Ps. 146:5-6

When we are humbled we can be reminded the He alone brings healing.  He can bring healing to our discouraged attitudes, our broken hearts, our crumbled dreams, our frustrated spirits, and our fractured families.

He upholds the cause of the oppressed
    and gives food to the hungry.
The Lord sets prisoners free,
    the Lord gives sight to the blind,
Ps. 146:7

 

The pastor then reminded us that we can be moved into a posture of praise. We can praise Him for who He is, for where He has brought us, for His plans for us, for His control of the situation, and for the story He is writing.

Praise the Lord.
Praise the Lord, my soul.
I will praise the Lord all my life;
    I will sing praise to my God as long as I live.
Ps. 146:1-2

All of this will leave us with a sense of hopeHope in the midst of what is and what is not.  Hope that His plans are good.  Hope because He is right where we are.  He has not left us or our family or our story.

Blessed are those whose help is the God of Jacob,
    whose hope is in the Lord their God.
Ps. 146:5

It took a major blow for me to release my grip on our first adoption.  My closed fist wasn’t ready to receive all God had in mind for us.  It took the bottom dropping out for me to let go of my ideas and have open hands – and an open heart – to God’s plan.  Once I did, I could receive the goodness He had planned.  And during the hurt, brokenness, and confusion I was open to seeing Him and hearing Him in ways I couldn’t when my grip on my plan was so strong.

As you enter this Thanksgiving week, consider your hands.  Are you holding on with all your might to your plans, your ideas, your dreams, or your picture of how this Thanksgiving should be?  From paperwork to timing to travel to attachment to family adjustments and family get-togethers — is what is not at all what you thought it would be? Are you still gripping that plan, those ideas, that desire with white knuckles?  Perhaps, like me, your picture of how it should be is keeping you from experiencing who He is right where He has you.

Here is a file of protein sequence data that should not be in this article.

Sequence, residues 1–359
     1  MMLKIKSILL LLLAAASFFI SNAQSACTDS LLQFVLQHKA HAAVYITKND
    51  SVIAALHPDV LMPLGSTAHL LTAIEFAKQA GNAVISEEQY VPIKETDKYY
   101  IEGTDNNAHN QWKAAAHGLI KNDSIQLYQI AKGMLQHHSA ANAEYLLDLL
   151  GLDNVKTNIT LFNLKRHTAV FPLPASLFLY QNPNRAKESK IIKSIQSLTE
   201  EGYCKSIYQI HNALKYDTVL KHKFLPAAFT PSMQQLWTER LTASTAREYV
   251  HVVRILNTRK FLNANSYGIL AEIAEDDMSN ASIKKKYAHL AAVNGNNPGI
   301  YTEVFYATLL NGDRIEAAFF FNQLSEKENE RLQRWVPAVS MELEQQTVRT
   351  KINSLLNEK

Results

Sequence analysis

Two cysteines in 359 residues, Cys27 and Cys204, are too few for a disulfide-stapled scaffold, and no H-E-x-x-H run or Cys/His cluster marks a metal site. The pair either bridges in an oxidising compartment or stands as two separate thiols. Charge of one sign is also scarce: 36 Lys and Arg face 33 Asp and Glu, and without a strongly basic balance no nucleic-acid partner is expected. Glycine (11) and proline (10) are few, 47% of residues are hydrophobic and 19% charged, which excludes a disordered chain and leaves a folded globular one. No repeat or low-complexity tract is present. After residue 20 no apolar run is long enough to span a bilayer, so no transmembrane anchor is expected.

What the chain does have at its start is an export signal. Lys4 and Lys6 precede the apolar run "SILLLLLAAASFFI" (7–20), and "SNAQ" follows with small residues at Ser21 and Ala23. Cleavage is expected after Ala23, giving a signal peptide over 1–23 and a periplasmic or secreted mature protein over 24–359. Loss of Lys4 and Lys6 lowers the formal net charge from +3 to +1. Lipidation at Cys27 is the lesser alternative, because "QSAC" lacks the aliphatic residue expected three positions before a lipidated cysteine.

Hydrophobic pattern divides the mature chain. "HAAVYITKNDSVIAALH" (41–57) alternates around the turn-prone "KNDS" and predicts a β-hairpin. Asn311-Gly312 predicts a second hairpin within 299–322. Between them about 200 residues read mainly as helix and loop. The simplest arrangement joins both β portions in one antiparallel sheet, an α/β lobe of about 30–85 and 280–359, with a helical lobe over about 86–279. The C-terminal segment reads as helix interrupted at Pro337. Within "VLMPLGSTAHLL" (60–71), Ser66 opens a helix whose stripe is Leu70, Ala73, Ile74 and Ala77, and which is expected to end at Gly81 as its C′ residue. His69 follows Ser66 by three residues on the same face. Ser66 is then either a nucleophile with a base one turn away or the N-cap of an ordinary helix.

Try loosening that grip this Thanksgiving, and open your hands to grace, humility, healing, praise, and hope. 

The Lord reigns forever,
    your God, O Zion, for all generations.Praise the Lord.
Ps. 146:10

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Stephanie Smit18 years in the classroom as a teacher was easy compared to parenting three little ones at home full-time. Through their three daughters, God has revealed Himself most clearly to Stephanie and her husband Matthew. He not only worked a miracle in giving them their biological daughter, He continued to show Himself in mighty ways throughout adoption journeys in China and Bhutan that were anything but normal. Nowadays she enjoys encouraging and connecting with other adoptive families through speaking and her work on the leadership team of “We Are Grafted In” and on the Board of The Sparrow Fund.